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The one buddy I didn't really get to know was "Elmer" - a lovely black and white dairy cow, who just happened upon the Refuge some years ago and decided to stay. (No one knows for sure why she did this, but the writer suspects that all the noise and hoopla of the other animals sounded like way too much fun to miss!) Funny, for all the stupidity that we attribute to cows, Sylvan explained that, once you get to know them, cows possess distinct personalities much like our house pets. And, it must've been true - Elmer seemed like she knew exactly what was going on - she even followed us for a bit - hoping I'd interview her, too, no doubt. "I ate meat all my life until I experienced a cow," reminisced Sylvan. After meeting Elmer and Moi-moi, I'm not so big on this carnivore thing, either.

During the first few moments of my visit at EMAR, I thought of Sylvan and Suzie as the modern day Doctors Doolittle. But, by visit's end, I realized that it is even better than that! The love that these two people share for each other is so abundant that it now encompasses nearly four hundred children; they're a family. Thanks to Sylvan and Suzie Schwab, Maui has a place for the ill, the hurt, and the unwanted amongst us to go. Thanks to EMAR, these animals have a refuge of their own.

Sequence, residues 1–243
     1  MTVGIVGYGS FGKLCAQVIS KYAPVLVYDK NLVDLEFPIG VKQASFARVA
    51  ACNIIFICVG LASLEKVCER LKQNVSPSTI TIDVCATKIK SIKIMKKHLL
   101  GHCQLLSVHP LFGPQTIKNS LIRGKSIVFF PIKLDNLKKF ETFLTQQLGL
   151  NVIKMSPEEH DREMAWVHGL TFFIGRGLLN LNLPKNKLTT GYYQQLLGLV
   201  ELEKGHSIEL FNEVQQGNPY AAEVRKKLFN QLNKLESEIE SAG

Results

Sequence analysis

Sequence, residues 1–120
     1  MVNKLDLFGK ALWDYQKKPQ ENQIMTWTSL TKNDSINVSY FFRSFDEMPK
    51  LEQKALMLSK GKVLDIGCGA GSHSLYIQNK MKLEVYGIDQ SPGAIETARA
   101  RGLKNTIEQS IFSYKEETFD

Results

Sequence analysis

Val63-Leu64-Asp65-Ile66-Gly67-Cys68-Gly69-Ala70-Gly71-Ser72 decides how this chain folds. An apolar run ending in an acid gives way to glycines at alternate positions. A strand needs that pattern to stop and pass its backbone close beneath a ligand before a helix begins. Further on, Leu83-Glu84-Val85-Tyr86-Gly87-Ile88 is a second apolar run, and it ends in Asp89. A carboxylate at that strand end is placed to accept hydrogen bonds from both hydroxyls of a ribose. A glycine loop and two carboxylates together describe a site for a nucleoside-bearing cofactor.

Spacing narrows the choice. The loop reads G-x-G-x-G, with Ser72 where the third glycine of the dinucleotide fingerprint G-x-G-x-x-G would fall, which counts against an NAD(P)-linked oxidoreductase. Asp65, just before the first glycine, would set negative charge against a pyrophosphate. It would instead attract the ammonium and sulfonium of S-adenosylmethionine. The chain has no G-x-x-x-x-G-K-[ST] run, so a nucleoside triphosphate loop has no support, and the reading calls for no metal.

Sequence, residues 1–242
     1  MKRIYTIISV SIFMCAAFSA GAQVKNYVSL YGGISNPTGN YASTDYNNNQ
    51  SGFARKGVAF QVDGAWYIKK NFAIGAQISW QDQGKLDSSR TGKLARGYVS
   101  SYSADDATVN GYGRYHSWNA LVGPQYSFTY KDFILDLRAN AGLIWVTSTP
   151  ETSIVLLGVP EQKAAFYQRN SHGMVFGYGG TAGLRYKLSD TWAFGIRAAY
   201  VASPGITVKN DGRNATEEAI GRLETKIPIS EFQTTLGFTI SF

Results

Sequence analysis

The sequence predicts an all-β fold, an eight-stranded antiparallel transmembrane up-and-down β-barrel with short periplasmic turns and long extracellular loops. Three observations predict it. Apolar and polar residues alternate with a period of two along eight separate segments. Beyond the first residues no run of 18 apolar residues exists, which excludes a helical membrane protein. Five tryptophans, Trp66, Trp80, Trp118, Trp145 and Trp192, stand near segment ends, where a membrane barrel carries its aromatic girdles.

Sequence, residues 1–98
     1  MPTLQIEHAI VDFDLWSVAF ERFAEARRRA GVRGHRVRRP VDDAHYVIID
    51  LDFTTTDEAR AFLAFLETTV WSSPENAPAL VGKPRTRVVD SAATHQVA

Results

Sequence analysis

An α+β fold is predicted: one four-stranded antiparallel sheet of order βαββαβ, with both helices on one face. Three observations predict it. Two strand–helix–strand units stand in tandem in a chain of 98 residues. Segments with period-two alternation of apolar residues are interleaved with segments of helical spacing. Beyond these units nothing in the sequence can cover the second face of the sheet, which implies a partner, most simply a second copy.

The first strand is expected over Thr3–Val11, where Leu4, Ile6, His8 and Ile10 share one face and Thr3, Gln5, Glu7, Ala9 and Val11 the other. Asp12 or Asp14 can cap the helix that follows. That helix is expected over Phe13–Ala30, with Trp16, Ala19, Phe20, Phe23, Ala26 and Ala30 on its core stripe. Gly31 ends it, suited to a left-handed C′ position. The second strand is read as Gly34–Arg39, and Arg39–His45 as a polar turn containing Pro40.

The East Maui Animal Refuge always welcomes your donations and volunteerism.

You can contact EMAR at 25 Malu Aina Place, Haiku or call: 572-8308.

Copyright © 1997 Maui Time Magazine

The East Maui Animal Refuge (EMAR) is a no-kill, all volunteer run, non profit, rehabilitation sanctuary for injured and orphaned animals who would otherwise die.

EMAR is licensed by both the State and Federal Department of Fish and Wildlife to rehabilitate animals - including threatened and endangered species.